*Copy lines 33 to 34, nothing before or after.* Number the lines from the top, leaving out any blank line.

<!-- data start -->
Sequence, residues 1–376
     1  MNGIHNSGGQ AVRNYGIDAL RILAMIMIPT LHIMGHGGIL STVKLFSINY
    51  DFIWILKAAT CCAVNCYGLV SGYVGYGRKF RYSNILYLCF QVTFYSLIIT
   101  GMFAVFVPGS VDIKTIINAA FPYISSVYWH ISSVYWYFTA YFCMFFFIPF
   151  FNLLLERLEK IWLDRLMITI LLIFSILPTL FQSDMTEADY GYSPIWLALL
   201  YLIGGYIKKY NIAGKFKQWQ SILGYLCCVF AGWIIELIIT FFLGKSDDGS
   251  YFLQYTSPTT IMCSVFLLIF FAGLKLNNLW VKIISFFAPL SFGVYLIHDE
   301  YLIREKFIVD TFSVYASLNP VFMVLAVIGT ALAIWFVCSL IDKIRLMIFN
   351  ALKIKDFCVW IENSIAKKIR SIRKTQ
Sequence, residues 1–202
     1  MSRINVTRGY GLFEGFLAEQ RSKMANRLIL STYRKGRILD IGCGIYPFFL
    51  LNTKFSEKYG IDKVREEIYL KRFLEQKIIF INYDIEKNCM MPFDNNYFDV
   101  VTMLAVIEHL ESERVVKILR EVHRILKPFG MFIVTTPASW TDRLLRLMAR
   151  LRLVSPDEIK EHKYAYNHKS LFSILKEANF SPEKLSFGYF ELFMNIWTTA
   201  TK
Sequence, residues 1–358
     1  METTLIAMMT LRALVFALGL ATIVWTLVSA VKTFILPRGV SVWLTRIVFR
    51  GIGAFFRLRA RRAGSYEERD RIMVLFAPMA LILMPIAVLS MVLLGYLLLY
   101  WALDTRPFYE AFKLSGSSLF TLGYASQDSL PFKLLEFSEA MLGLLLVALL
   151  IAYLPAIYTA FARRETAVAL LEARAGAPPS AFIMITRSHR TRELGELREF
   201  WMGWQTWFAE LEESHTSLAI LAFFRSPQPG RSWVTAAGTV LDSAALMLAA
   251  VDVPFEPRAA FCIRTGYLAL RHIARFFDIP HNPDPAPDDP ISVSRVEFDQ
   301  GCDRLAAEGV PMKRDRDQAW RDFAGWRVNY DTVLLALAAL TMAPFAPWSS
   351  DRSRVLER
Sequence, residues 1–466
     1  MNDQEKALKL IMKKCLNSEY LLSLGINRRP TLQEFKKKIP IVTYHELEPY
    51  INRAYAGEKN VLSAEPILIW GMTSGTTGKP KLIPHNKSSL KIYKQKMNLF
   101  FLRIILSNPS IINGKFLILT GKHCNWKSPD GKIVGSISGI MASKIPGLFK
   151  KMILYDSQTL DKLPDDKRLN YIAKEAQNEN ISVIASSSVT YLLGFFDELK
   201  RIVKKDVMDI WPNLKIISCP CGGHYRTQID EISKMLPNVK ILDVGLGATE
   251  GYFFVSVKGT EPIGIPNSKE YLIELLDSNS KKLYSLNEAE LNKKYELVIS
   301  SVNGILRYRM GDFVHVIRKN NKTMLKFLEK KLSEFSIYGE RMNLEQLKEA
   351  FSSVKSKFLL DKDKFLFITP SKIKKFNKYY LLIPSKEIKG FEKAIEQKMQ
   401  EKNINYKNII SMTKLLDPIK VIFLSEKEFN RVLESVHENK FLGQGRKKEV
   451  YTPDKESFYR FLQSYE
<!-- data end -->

   351  FSSVKSKFLL DKDKFLFITP SKIKKFNKYY LLIPSKEIKG FEKAIEQKMQ
   401  EKNINYKNII SMTKLLDPIK VIFLSEKEFN RVLESVHENK FLGQGRKKEV